Figure 3.
Figure 3.

Periodic acid–Schiff (PAS) histopathology. Photomicrograph showing PAS-positive yeasts in the deep dermis.

Citation: The American Society of Tropical Medicine and Hygiene 93, 6; 10.4269/ajtmh.15-0239

Figure 4.
Figure 4.

Gomori methanamine silver stain histopathology. Photomicrograph showing Gomori methanamine silver-positive yeasts in the deep dermis.

Citation: The American Society of Tropical Medicine and Hygiene 93, 6; 10.4269/ajtmh.15-0239

Figure 5.
Figure 5.

Sabouraud Dextrose Agar medium showing floccose, velvety, and buff colored colonies of Histoplasma capsulatum on the obverse.

Citation: The American Society of Tropical Medicine and Hygiene 93, 6; 10.4269/ajtmh.15-0239

Figure 6.
Figure 6.

Sabouraud Dextrose Agar medium showing brown color on the reverse.

Citation: The American Society of Tropical Medicine and Hygiene 93, 6; 10.4269/ajtmh.15-0239

Figure 7.
Figure 7.

Lactophenol cotton blue preparation from the culture plate showing septate, hyaline hyphae with large thick-walled spherical macroconidia with the external walls showing finger-like projections.

Citation: The American Society of Tropical Medicine and Hygiene 93, 6; 10.4269/ajtmh.15-0239

Histoplasmosis is a highly infectious mycosis caused by an intracellular fungus H. capsulatum. Histoplasmosis is endemic in the Ohio and Mississippi River Valleys of the United States, central and South America, and Africa, but is less frequently reported in Asia and Europe.1 As pointed by Antinori,2 in India, this disease is predominantly seen along the Gangetic belt of northeast India. It can present as acute pulmonary, chronic pulmonary, acute progressive, chronic disseminated, and primary cutaneous forms. The risk factors for the acquisition of the disease include acquired immunodeficiency syndrome, primary and acquired immunodeficiency states, post transplant patients, and patients on immunosuppressive medications and extremes of age.3 In immunocompetent individuals, the disease usually manifests as an asymptomatic pulmonary infection. Disseminated histoplasmosis with cutaneous lesions is very rare in immunocompetent hosts.1 Oral ulcers are the most common mucocutaneous presentation in immunocompetent individuals with disseminated histoplasmosis.4 Cutaneous lesions of disseminated histoplasmosis are most commonly seen on the face, arms, and legs. The rarer sites of involvement, which have been reported include hands, feet, chest, back, penis, and perianal region.5 The oral lesions of histoplasmosis described in literature range from nodules, vegetating plaques to shallow or deep ulcers. The various cutaneous manifestations mentioned in literature include papules (including molluscum contagiosum–like lesions, acneiform eruptions), plaques, pustules, and nodules.5 This case is being reported to highlight the presentation of disseminated histoplasmosis at a rare site in an immunocompetent individual.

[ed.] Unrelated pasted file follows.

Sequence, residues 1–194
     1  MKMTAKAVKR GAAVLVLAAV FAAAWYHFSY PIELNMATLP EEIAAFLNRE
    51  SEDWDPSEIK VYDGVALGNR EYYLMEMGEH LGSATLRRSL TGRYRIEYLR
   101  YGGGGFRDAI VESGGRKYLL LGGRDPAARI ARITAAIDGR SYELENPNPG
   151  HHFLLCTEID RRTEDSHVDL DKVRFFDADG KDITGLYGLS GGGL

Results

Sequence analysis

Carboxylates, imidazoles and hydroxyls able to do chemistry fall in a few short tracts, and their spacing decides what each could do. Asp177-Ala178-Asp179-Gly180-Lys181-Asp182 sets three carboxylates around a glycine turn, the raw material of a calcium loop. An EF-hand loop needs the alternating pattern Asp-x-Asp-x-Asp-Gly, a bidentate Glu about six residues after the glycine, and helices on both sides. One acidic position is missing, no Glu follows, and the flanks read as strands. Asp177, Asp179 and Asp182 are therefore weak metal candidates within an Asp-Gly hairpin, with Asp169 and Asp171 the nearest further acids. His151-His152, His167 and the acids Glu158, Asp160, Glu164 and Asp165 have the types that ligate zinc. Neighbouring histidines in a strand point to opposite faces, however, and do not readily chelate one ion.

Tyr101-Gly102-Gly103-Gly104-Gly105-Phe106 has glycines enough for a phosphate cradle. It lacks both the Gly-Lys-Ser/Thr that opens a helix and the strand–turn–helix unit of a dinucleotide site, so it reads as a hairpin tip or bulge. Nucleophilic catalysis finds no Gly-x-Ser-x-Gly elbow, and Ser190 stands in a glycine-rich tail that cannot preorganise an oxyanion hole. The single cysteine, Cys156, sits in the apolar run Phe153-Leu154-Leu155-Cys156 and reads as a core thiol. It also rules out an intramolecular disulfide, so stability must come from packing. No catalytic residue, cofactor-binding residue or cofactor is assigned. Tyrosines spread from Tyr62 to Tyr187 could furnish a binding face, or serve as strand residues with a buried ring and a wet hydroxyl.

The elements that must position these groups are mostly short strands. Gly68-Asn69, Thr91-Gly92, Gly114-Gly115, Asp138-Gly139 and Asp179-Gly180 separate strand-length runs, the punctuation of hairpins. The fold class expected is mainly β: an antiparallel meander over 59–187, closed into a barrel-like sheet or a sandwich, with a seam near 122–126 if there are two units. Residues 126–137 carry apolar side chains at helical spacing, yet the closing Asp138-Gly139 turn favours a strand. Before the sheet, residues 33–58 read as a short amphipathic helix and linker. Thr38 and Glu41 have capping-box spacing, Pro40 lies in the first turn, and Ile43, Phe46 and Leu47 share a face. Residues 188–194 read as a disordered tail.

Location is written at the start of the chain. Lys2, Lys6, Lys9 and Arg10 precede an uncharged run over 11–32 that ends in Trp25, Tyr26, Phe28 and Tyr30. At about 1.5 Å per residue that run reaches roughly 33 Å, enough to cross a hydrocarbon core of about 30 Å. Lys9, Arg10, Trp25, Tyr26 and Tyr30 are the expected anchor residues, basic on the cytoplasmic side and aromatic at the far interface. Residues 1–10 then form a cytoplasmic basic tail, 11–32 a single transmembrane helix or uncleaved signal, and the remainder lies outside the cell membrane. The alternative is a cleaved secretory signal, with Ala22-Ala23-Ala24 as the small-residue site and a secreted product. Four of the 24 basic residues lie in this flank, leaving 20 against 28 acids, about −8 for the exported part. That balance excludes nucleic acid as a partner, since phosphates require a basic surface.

• 1.

    Sun NZ, Augustine JJ, Gerstenblith MR, 2014. Cutaneous histoplasmosis in renal transplant recipients. Clin Transplant 28: 10691074.

  • 2.

    Antinori S, 2014. Histoplasma capsulatum: more widespread than previously thought. Am J Trop Med Hyg 90: 982983.

  • 3.

    Koley S, Mandal RK, Khan K, Choudhary S, Banerjee S, 2014. Disseminated cutaneous histoplasmosis, an initial manifestation of HIV, diagnosed with fine needle aspiration cytology. Indian J Dermatol 59: 182185.

    • Search Google Scholar
    • Export Citation
  • 4.

    Bolognia JL, Jorizzo JL, Schaffer JV, 2012. Dermatology, 3rd edition. New York: Elsevier Saunders.

  • 5.

    Paul AY, Aldrich S, Scott RS, Ellis MW, 2007. Disseminated histoplasmosis in a patient with AIDS: case report and review of literature. Cutis 80: 309312.

    • Search Google Scholar
    • Export Citation

Author Notes

* Address correspondence to Anu Anna George, Department of Dermatology, venereology and leprosy, Christian Medical College, Vellore, Tamil Nadu, India 632004. E-mail: anugeorg@gmail.com

Authors' addresses: Anu Anna George, Department of Dermatology, Venereology and Leprosy, Christian Medical College, Vellore, Tamil Nadu, India, E-mail: anugeorg@gmail.com. Mandeep Bindra, Department of Pathology, Christian Medical College, Vellore, Tamil Nadu, India, E-mail: mandeep@cmcvellore.ac.in. Promila Mohanraj, Department of Microbiology, Christian Medical College Vellore, Tamil Nadu, India, E-mail: promila_r@rediffmail.com.